I think I’ve made shortcut Japanese curry at least 3x during quarantine season. I say shortcut because it uses the least amount of easy-to-find ingredients while giving maximum taste. I’ve been cooking Japanese curry for years but previous versions have all required boiling meat and a whole bunch of other stuff together for 30 minutes or so. Given how scary it is to do supply runs and how hot it is in the kitchen, I… just… can’t. Anyhow, I’ve come up with a Shortcut Japanese Curry Recipe that’s easier and faster to make.
These are pretty much all the ingredients you need. Oh… and unsalted butter + sugar!
Shortcut Japanese Curry
- 4 blocks Vermont Curry roux
- 500g Unseasoned Meat (you can also use patties, ground meat, or cubed meat)
- 1 carrot, cubed
- 1 potato, cubed
- 1 tbsp minced garlic
- 1/2 onion, sliced
- 2 tbsps unsalted butter
- 2 tbsps brown sugar / coco sugar / muscovado sugar / honey
- 400ml water
- grated cheese (optional)
Step 1: Boil the cubed potatoes and carrots until tender. Fry meat until cooked.
Step 2: I used storebought pork patties this time but I’ve also tried using hamburger patties. Sukiyaki-cut meat, ground meat, and cubed meat all work too. They just have to be unseasoned / unflavored… just lightly salted at best, so the taste will not conflict with the curry roux. After frying the patties I cut them into bite-size pieces. Set aside.
Step 3: Strain the boiled potatoes and carrots. Set aside.
Step 4: Melt butter in pan, saute minced garlic and onions until fragrant. Butter has to be unsalted because the curry roux is already very flavorful.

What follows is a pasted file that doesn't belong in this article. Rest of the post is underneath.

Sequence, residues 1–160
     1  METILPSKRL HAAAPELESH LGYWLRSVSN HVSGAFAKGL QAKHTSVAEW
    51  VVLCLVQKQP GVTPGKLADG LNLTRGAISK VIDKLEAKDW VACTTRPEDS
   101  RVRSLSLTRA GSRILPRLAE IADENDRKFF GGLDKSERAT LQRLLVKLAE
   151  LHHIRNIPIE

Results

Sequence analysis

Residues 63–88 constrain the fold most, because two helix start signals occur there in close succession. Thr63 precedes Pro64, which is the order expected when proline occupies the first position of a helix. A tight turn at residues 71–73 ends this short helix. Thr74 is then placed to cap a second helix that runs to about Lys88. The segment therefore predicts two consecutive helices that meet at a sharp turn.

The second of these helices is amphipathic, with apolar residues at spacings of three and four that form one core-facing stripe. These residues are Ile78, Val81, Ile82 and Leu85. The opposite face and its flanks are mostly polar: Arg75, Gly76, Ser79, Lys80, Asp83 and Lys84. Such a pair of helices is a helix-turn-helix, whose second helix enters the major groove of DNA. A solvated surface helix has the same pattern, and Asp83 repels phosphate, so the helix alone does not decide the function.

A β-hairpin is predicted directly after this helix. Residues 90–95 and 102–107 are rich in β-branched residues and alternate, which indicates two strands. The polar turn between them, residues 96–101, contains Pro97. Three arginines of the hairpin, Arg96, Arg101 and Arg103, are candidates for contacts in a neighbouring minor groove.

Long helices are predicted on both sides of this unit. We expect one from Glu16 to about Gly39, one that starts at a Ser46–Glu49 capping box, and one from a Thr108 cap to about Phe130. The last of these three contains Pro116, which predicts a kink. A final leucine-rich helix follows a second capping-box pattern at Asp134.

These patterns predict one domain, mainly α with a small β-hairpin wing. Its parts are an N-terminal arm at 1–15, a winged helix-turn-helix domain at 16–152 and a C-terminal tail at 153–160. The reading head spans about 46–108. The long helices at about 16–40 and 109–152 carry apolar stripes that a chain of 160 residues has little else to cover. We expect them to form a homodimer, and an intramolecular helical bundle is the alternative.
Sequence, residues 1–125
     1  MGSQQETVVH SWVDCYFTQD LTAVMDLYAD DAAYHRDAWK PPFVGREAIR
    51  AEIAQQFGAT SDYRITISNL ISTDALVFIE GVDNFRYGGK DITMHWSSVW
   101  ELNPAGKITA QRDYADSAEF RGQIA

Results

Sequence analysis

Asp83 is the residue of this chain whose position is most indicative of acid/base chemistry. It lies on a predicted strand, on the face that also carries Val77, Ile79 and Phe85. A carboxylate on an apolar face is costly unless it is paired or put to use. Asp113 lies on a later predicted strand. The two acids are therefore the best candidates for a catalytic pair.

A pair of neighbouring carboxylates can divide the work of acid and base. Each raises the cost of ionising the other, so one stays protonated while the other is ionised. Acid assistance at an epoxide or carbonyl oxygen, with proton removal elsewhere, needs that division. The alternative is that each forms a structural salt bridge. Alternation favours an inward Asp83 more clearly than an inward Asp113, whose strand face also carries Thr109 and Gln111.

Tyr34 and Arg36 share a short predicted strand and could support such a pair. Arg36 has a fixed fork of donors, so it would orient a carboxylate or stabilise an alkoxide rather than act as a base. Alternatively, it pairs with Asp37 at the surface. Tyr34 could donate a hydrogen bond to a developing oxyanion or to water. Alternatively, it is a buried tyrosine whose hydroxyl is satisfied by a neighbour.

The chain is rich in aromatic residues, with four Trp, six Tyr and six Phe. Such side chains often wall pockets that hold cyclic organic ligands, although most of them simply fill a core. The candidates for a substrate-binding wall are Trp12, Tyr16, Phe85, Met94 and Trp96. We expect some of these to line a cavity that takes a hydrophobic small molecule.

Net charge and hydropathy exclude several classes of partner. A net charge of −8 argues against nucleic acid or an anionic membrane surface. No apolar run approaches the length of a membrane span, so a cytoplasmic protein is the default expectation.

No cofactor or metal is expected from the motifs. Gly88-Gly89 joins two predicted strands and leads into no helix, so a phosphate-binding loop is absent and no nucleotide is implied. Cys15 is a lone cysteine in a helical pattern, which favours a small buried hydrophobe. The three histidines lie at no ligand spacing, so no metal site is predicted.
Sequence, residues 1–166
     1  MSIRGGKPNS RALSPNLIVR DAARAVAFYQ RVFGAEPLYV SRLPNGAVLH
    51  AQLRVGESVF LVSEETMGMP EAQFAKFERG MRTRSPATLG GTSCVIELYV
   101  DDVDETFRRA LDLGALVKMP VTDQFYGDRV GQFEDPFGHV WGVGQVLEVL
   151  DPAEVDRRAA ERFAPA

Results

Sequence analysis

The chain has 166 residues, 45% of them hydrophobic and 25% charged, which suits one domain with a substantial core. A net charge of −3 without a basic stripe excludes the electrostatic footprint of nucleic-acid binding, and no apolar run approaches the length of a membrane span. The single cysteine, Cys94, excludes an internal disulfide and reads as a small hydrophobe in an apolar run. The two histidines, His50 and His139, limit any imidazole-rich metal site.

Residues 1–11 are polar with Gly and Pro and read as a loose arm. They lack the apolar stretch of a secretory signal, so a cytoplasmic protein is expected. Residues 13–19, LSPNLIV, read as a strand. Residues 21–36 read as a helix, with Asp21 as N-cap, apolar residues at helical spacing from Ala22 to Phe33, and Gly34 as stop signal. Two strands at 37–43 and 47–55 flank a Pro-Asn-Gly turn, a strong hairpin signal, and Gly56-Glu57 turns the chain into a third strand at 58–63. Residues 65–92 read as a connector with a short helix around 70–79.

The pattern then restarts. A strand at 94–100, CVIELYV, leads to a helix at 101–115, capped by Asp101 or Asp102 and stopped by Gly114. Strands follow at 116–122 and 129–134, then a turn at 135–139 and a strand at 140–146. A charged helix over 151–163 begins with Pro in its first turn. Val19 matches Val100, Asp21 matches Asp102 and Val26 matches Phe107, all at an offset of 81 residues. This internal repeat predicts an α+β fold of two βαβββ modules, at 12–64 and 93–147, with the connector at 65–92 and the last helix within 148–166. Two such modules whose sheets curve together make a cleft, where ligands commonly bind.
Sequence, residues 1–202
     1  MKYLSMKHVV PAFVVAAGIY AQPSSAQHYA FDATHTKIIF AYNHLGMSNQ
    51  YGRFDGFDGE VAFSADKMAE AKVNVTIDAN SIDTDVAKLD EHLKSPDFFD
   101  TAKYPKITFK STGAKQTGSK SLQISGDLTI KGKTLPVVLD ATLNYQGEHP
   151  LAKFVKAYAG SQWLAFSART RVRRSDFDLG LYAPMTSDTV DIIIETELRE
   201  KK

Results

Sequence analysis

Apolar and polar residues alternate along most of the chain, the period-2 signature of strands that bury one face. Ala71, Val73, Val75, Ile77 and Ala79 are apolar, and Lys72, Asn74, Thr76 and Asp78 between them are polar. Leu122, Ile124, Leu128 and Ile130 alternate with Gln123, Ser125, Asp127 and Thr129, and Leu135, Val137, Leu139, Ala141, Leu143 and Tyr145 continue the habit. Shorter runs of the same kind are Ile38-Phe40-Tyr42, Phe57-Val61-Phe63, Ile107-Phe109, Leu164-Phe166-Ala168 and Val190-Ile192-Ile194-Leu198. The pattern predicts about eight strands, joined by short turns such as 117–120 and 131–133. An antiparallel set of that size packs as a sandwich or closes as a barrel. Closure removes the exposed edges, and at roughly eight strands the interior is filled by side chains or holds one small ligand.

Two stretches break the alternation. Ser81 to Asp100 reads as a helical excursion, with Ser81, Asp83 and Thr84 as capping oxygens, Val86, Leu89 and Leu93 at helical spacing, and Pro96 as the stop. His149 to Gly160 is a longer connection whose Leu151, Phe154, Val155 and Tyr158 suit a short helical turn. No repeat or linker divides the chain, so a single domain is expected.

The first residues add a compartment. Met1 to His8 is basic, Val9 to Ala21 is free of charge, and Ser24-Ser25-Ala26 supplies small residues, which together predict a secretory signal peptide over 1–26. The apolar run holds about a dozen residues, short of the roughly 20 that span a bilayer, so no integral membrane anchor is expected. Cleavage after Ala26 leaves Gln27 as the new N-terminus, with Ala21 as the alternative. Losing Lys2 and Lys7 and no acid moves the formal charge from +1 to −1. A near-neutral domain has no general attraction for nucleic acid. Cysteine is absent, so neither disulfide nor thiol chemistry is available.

Step 5: Add the potatoes and carrots and continue sauteeing.
Step 5: Add 4 cubes of Vermont Curry roux to the potatoes and carrots. Pour in 2 cups of water and stir.
Step 6: Bring the mixture to a boil, stirring constantly. Simmer until the curry sauce reduces to your desired consistency. If you find the taste too strong you can add a bit of milk (around 1/4 cup) to soften the flavor.
Step 7: Add the cooked meat and continue stirring. Add sugar (or honey, if that’s what you prefer) and stir until completely melted and mixed in the sauce.
Step 8: Since I wanted to be extra I grated cheese on top of the hot curry, the way they do it in Japan. Up to you how much cheese you want. Or you can just skip the cheese altogether if it’s not your thing.
I serve this over steamed rice with an egg fried sunny side up, as I’ve seen them do in Tokyo during our past trips. This serves 4-5 people.
Vermont Curry can be bought at Landers and/or most supermarkets with Asian or Japanese sections. I usually get the Medium Hot variant. I prefer Vermont Curry because for me it has a more balanced flavor compared to the other Japanese curry rouxes I’ve tried. Hubby and the kids have been enjoying this Shortcut Japanese Curry so far. 😀
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